CVYB staging popular children's story â€˜Fancy Nancy'
|Cuyahoga Valley Youth Ballet will perform “Fancy Nancy” March 13-14 at the Akron Civic Theatre.
|Photo courtesy of Bruce Gates|
The next ballet on CVYB’s slate is “Fancy Nancy,” which will be performed March 13-14 at the Akron Civic Theatre.
The creation of new story ballets is pretty remarkable in even flush economic times. CVYB somehow has managed over the years to weather it all and bring original works to the Akron stage. Our hats should be off to Nan Klinger, the founder of CVYB, for establishing this tradition and to her daughter and successor, CVYB Artistic Director Mia Klinger, for continuing it unabated.
Mia Klinger said she keeps an eager eye out for works that speak to young people and especially to stories that lend themselves to the visual and musical necessities of dance and the stage. Based on the popular series by author Jane O’Connor, with illustrations by Robin Preiss Glasser, “Fancy Nancy” is about a young girl who can border on being an overly spoiled brat, but who comes to understand in her various trials and tribulations (most of which involve some new possession she wants) the true value and meaning of things.
Mia Klinger said “Fancy Nancy” carries a positive message for children that “being true to yourself and expressing your unique personality is always in fashion.” To get at that idea, CVYB hired consummate choreographer Francis Patrelle, who has done other works for the ballet group, to generate a dance-based story. The frame for the current ballet is based somewhat on the work “Fancy Nancy and the Posh Puppy.” Nancy, of course, cannot imagine simply any dog; she must have a special puppy, and therein lies some of the funnier elements of the tale as one ordinary dog after another doesn’t quite make the grade. Within this construct, however, Patrelle blends some other works but encloses them loosely within the idea of “a visit to a museum,” where pictures come alive as Nancy and her family visit.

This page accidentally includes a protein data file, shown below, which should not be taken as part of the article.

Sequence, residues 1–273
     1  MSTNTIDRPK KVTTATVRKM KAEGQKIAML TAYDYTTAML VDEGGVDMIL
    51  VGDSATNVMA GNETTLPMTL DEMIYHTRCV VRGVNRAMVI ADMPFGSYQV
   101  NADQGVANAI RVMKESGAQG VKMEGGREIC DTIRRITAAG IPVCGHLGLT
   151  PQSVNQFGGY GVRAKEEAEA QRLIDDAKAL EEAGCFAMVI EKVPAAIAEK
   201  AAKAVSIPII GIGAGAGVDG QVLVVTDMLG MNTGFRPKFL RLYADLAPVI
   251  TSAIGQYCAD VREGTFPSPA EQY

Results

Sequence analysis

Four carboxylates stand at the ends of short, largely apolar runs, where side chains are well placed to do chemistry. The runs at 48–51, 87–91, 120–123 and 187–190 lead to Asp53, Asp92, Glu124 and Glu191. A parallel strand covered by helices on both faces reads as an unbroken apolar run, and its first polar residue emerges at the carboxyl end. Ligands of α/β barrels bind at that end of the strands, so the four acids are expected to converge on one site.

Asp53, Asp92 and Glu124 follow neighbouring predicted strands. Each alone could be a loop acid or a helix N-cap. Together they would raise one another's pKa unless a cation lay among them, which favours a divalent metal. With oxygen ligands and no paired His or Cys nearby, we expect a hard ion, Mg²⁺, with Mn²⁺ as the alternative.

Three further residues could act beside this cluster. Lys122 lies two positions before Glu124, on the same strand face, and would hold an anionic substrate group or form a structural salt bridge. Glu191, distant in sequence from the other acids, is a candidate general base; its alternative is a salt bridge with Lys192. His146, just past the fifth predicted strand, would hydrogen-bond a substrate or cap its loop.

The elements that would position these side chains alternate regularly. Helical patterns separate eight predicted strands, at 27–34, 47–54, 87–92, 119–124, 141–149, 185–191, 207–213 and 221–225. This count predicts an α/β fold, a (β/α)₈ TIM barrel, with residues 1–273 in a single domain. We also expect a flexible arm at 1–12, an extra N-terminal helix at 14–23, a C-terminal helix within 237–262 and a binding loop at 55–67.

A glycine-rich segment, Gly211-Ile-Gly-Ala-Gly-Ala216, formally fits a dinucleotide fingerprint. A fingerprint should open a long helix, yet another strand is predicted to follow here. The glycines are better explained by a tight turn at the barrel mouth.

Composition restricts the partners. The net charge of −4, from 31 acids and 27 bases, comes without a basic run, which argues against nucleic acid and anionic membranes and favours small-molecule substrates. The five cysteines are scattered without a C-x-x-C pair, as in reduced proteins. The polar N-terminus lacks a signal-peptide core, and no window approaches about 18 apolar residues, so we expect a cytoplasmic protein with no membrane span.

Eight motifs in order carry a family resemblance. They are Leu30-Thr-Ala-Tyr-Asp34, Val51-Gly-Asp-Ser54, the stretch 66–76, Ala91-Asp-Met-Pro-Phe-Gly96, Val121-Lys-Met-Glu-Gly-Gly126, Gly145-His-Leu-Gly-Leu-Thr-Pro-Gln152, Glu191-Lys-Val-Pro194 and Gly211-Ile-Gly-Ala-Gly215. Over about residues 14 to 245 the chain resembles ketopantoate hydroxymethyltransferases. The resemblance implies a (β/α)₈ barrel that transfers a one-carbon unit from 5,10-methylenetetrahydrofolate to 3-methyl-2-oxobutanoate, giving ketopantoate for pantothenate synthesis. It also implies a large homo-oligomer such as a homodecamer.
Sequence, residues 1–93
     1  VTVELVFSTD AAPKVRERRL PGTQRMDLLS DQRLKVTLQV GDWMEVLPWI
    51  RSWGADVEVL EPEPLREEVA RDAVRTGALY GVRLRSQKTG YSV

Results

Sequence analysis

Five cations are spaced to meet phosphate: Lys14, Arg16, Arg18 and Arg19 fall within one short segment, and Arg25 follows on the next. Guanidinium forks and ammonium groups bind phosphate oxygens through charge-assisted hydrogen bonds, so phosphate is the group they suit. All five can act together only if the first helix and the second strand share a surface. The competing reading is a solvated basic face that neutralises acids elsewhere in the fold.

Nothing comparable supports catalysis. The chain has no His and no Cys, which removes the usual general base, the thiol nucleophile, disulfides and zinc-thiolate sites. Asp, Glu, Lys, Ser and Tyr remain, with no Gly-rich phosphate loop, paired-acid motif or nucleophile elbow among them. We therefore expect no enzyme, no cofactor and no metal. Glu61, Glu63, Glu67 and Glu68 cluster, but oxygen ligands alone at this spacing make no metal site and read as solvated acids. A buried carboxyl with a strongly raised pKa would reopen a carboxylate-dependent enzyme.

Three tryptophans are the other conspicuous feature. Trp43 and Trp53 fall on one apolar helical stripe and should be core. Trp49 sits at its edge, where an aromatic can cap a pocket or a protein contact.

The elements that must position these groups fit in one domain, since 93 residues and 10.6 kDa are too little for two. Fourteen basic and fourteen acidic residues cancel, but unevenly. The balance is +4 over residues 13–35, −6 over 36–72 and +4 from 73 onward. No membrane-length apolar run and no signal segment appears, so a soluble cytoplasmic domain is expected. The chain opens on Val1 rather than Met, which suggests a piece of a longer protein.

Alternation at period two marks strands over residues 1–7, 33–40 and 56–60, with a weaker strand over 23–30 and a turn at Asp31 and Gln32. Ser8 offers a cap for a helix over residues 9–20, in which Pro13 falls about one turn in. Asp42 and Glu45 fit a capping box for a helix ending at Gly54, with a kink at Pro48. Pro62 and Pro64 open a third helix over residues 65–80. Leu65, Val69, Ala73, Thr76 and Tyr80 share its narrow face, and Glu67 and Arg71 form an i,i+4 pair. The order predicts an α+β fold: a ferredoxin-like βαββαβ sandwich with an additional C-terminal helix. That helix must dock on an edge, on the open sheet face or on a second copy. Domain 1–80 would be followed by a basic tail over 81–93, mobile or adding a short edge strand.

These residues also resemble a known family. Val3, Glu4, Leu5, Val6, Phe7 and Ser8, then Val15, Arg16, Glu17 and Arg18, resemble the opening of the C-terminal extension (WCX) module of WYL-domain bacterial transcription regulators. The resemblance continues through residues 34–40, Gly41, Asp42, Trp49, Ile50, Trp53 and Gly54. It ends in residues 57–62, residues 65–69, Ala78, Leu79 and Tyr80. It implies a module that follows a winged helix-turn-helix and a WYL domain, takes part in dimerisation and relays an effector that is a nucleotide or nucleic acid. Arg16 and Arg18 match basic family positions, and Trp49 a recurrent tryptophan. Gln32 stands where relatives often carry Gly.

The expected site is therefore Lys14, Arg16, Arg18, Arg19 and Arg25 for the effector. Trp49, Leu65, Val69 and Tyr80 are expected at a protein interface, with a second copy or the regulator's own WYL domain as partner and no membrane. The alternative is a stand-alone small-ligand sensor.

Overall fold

The work is all in fun and has a score created for the ballet by composer Patrick Soluri. Salutes to Aaron Copland (and, therefore, ties to American folk ballads) and to Richard Rodgers and Oscar Hammerstein (who wrote Broadway melodies) seem to inform Soluri’s original piece. There’s a cowboy section, for example, which includes a kind of musical roundup and a funny saloon scene (with a raucous can-can number) that sparkles when visualized by Patrelle’s choreography.
Mia Klinger said she spent a lot of time combing through fabric shops in New York City looking for just the right materials and accessories that light up on the stage and reveal the “specialness” of each of the dancers. She said this aspect of putting together a production has always been the one element she has worried more over because she wasn’t schooled in the process, while also being the part she works at the most and enjoys the most.
The performances also will include the reprise of James Sewell’s “Carnival of the Animals,” a ballet based on the music by Camille Saint-Saens.
Performances will take place March 13 at 2:30 p.m. and 7:30 p.m. and March 14 at 2:30 p.m. A reception for children will be held 30 minutes prior to each performance. Children will be able to meet Soluri, hear a special reading of a beloved “Fancy Nancy” tale and receive a free gift. Glasser will sign copies of the book at the March 13 performances.
Tickets cost $10 for general seating and $25 for preferred seating and are available at the Civic Theatre Box Office, by calling (330) 253-2488 or through TicketMaster at www.ticketmaster.com.
Roger Durbin is professor emeritus of bibliography at The University of Akron and an avid art enthusiast. To contact him, e-mail firstname.lastname@example.org.
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